In today’s Old Testament reading (Exodus 16:10-22), the Israelites get their first taste of “manna” – the honey tasting flakes that would descend upon their camp six days a week for 40 years.
(On the sixth day they were to gather enough for two days. Both God and his people would rest on the seventh day.)
So this was God’s daily, divine provision for their journey.
When the people first saw the strange flakes on the ground they said, “What is it?” The question eventually became the name. The word “manna” literally means “What?” or “What is it?” I like that. The name would always remind people of that first morning of discovery. They got used to manna after a while and even tired of it. But the name itself reminded them that it was God’s gift and provision for them.
So what about our daily manna?
“Give us today our daily bread.” Interestingly, when Jesus included that petition in the Lord’s Prayer his listeners would have likely asked, “What is it?” The Greek word epiousios, usually translated “daily,” isn’t found anywhere in ancient literature outside the Lord’s Prayer. In other words, we’re not exactly sure what it means. The root meaning “come down” or “come for” actually suggests a number of intriguing possibilities, like bread “for the journey” or “spiritual” bread.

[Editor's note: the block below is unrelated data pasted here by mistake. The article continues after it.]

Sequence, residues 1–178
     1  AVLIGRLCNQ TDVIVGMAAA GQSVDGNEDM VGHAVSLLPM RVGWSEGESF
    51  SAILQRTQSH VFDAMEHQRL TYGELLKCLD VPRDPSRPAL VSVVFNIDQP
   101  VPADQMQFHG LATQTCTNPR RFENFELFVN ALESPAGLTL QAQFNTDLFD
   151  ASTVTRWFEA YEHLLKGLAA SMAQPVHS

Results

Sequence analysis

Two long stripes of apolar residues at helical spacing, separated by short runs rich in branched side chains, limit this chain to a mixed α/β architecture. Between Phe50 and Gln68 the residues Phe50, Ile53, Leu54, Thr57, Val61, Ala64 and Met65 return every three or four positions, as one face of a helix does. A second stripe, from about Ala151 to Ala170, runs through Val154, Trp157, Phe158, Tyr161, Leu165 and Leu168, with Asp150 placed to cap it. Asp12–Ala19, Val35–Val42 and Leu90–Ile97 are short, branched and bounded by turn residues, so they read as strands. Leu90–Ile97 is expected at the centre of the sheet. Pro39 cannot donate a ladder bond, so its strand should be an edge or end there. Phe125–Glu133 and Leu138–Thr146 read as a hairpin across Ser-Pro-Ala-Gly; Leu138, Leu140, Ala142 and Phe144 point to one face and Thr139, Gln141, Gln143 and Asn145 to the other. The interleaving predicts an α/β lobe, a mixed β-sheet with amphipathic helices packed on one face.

So don’t be surprised if when you’re eating your own daily manna (i.e. reading Scripture) you find yourself asking, “What is it?” While I’m grateful for biblical scholarship, even the experts don’t always agree. I’ve come to believe that the uncertainties around Scripture are actually meant to give the Holy Spirit a lot of room to work.
Speaking of the Spirit, this is what Jesus says in today’s gospel reading: “When the Divine Assistant comes, whom I will send you from the Father – the Spirit of truth who goes out from the Father – he will testify about me…” (John 15:26).
I’ve been reading the Bible for a lot of years. What keeps it exciting is that I try to never stop asking the question “What is it?,” even when the passage is familiar and the meaning seems obvious. And I try to always connect what I’m reading to my life in Jesus, and to our life together as his people.
But I may have to chew on the passage for a bit. If I’m patient I usually get a “nibble” — a question, a conviction, an encouragement, a connecting of dots, a highlighting of a word or phrase. If that happens I’ll usually write it down and see if anything more comes. Or maybe an insight will come later when I’m walking to church or driving.
And if nothing happens? I show up again at the same time tomorrow, because I believe the living word of God is that valuable, that potentially life-changing.
I’m curious — how does the Holy Spirit use Scripture to speak to you?